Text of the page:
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Interesting article I saw today on yahoo. Not so much because of the troubled history of this Missouri anesthesiologist who administers meds for executions, but rather because of the controversial issue it brings up again. It states that Missouri is putting a stay on all executions until it can get a board-certified anesthesiologist for the job. Of course, ASA recently released a statement that anesthesiologist should not be involved in executions.

So how do you guys all feel about this? I have no intention of stirring Capital punishment debate, but I have to say I'm pissed how politicians, who have not helped us much re: CRNAs and scope of practice issues, suddenly covet our services when it comes to a heated issue like execution.

Why not have CRNAs "perform" all executions? We know they have a certain "skill" in killing folks as it is. Kidding. Kind of. ;)

Missouri execution doctor has troubled past: paper Sun Jul 30, 1:35 PM ET

KANSAS CITY, Missouri (Reuters) - A doctor who oversaw dozens of Missouri executions until his questionable practices led a judge to suspend executions in the state, has been sued for malpractice more than 20 times and has a history of making medical mistakes, the St. Louis Post-Dispatch reported on Sunday.

Alan R. Doerhoff, 62, also has been banned from at least two Missouri hospitals and was publicly reprimanded by the state's Board of Healing Arts in 2003 because Doerhoff was trying to conceal malpractice claims from hospitals where he was working, the newspaper reported.

The state Attorney General's Office was aware of the reprimand, but the state Department of Corrections continued to employ Doerhoff to handle lethal injections, the Post-Dispatch reported.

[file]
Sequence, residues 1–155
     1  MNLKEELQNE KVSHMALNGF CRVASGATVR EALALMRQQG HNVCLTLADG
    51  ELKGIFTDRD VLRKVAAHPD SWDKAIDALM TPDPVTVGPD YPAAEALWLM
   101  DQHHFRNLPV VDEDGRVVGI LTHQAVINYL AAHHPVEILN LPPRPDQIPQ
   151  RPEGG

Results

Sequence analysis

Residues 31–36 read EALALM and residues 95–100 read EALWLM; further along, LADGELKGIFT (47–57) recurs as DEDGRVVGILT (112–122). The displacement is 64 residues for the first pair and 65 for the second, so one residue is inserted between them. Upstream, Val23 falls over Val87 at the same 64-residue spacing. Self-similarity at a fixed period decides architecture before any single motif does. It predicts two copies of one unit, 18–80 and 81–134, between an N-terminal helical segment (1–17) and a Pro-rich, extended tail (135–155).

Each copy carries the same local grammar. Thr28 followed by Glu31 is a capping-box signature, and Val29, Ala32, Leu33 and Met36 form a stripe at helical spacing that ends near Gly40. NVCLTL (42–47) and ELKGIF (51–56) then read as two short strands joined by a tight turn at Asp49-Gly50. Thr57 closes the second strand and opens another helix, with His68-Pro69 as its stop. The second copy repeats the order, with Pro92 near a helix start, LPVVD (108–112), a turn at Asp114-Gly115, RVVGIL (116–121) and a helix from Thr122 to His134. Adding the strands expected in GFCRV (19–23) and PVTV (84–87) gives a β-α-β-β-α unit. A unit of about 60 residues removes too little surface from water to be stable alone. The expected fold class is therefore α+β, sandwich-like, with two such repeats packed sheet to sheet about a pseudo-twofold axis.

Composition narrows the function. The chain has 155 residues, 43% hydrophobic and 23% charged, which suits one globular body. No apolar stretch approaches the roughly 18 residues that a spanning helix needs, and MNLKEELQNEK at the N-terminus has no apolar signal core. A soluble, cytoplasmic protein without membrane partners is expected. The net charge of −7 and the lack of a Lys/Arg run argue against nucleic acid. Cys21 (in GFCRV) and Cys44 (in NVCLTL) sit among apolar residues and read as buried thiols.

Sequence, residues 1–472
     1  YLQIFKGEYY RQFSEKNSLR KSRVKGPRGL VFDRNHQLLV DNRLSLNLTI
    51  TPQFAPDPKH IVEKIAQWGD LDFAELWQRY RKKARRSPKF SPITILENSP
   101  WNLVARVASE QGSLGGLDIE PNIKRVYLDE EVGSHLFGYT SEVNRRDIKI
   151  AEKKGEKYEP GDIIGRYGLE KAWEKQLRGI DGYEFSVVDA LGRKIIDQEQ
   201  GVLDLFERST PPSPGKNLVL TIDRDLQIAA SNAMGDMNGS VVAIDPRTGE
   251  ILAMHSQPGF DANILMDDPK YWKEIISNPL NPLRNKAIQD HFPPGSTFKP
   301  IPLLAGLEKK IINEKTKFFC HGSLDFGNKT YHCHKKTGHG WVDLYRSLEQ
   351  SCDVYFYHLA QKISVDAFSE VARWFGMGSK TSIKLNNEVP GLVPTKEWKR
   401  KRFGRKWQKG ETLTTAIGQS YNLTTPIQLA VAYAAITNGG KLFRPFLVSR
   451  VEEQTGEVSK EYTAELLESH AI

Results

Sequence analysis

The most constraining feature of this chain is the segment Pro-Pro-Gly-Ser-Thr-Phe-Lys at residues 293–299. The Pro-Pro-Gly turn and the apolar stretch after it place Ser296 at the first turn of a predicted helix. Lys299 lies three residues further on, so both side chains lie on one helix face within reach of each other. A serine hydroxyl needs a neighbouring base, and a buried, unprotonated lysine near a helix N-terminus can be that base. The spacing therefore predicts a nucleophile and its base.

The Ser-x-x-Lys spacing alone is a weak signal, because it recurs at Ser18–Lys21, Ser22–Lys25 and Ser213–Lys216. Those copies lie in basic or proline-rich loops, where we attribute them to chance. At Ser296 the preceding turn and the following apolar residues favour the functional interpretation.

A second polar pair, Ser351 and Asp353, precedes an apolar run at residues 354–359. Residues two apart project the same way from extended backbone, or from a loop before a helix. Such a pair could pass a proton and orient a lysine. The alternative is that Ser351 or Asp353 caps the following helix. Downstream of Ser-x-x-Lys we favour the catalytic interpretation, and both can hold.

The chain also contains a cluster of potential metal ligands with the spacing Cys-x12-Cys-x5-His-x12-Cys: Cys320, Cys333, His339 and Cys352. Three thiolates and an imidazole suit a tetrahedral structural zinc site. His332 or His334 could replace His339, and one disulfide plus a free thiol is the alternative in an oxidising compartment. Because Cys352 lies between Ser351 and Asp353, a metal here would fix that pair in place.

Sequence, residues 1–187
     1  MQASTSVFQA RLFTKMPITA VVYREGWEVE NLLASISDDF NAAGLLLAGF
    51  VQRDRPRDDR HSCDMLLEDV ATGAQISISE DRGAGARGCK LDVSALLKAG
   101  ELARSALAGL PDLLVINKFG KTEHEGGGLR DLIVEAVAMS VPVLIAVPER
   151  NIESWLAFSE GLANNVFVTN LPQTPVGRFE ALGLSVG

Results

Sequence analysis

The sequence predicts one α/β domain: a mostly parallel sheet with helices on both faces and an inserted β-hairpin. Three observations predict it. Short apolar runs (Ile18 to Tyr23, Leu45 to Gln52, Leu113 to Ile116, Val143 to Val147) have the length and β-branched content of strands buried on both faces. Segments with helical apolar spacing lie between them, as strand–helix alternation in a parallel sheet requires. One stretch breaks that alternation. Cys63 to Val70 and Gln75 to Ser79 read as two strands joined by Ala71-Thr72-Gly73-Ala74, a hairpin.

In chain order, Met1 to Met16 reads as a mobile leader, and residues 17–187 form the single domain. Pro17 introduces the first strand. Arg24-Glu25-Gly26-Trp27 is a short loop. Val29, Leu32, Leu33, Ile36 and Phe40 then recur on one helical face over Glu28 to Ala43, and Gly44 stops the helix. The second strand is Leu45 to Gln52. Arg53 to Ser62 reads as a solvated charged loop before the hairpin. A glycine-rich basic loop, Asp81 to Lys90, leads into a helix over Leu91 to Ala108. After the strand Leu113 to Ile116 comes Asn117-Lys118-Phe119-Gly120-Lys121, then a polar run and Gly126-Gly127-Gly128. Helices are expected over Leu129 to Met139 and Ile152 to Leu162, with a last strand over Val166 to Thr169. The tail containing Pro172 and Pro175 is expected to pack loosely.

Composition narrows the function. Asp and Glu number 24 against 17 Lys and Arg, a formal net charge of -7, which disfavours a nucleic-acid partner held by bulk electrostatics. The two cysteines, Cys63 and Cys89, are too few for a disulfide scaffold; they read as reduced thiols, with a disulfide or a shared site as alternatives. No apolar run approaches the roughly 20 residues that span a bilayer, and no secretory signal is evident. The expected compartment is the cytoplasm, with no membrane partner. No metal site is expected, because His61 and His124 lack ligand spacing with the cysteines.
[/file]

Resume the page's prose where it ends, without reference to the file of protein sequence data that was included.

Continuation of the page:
Indeed, the state tried to keep his identity a secret in an appeal earlier this year by inmate Michael A. Taylor, who claimed the heart-stopping drug given in lethal injections can cause excruciating pain if the inmate is not given proper levels of anesthesia first.

Lawyers reviewing execution logs found that the anesthesia Doerhoff had prepared for Taylor's execution before it was stayed in February was only half the amount it should have been, and records of previous executions indicated similar improperly prepared doses.

The doctor then admitted he was dyslexic, sometimes transposing numbers, and last month U.S. District Judge Fernando Gaitan suspended executions until the state hires a board-certified anesthesiologist to ensure that the drugs used in lethal injections were properly prepared.


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The issue here (especially in Missouri) has been that poorly trained and educated people have been put in charge of these things. A lot of these people have no clue what these meds do, how long they take to work, how long they last, and what order to give them in. There are poorly designed protocols in many situations and very little oversight; surprising given the extensive time and effort that goes into securing a death penalty. In at least one state, the protocol was to give the thiopental and potassium in one IV and the relaxant in another (why????) and there was a documented case of an execution where the prisoner's Pentothal/K vein infiltrated (ouch!) and the relaxant went in fine... IV access can be a challenge, as you might expect, in the prison population, so making sure the drugs get in is a common problem.

I am against the death penalty in all cases, so take my bias as you like, but it is neither good for the states executing people to do it poorly or good for our specialty (and our drugs) to be associated with death.

Capital punishment makes no sense anyway given that it is far more expensive than a life sentence and has no deterrent value. It results in overaggressive prosecuting attorneys putting inocent people on death row and results in the sad fact that the darker your skin color, the greater the likelihood that you will get the death penalty for similar crimes. The US is definitely not in good company when it comes to other nations that sanction executions. Look these things up and you will find they are true.
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starsop93 said:
In at least one state, the protocol was to give the thiopental and potassium in one IV and the relaxant in another (why????)

The reasoning behind this is that pentothal and muscle relaxant = rocks in the IV tubing. You don't need separate IV's, just flush prior to injecting the muscle relaxant. Their protocol assures that they avoid the embarrasing precipitated IV line.
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